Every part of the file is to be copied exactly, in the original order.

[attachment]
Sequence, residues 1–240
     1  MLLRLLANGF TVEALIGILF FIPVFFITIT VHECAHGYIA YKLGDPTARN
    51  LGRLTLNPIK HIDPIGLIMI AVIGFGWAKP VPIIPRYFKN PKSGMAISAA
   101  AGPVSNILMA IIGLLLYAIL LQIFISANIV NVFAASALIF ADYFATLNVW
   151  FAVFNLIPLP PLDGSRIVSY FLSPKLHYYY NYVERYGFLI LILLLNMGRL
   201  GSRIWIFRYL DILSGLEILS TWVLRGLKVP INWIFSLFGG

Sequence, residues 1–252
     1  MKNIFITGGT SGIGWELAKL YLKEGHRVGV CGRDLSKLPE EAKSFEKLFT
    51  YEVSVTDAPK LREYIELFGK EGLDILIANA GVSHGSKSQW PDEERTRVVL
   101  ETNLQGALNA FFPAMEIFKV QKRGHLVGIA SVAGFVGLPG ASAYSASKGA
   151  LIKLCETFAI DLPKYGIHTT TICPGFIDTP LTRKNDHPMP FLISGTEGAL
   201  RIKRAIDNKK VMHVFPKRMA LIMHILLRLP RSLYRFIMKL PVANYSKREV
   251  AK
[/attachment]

Sequence, residues 1–240
     1  MLLRLLANGF TVEALIGILF FIPVFFITIT VHECAHGYIA YKLGDPTARN
    51  LGRLTLNPIK HIDPIGLIMI AVIGFGWAKP VPIIPRYFKN PKSGMAISAA
   101  AGPVSNILMA IIGLLLYAIL LQIFISANIV NVFAASALIF ADYFATLNVW
   151  FAVFNLIPLP PLDGSRIVSY FLSPKLHYYY NYVERYGFLI LILLLNMGRL
   201  GSRIWIFRYL DILSGLEILS TWVLRGLKVP INWIFSLFGG

Sequence, residues 1–252
     1  MKNIFITGGT SGIGWELAKL YLKEGHRVGV CGRDLSKLPE EAKSFEKLFT
    51  YEVSVTDAPK LREYIELFGK EGLDILIANA GVSHGSKSQW PDEERTRVVL
   101  ETNLQGALNA FFPAMEIFKV QKRGHLVGIA SVAGFVGLPG ASAYSASKGA
   151  LIKLCETFAI DLPKYGIHTT TICPGFIDTP LTRKNDHPMP FLISGTEGAL
   201  RIKRAIDNKK VMHVFPKRMA LIMHILLRLP RSLYRFIMKL PVANYSKREV
   251  AK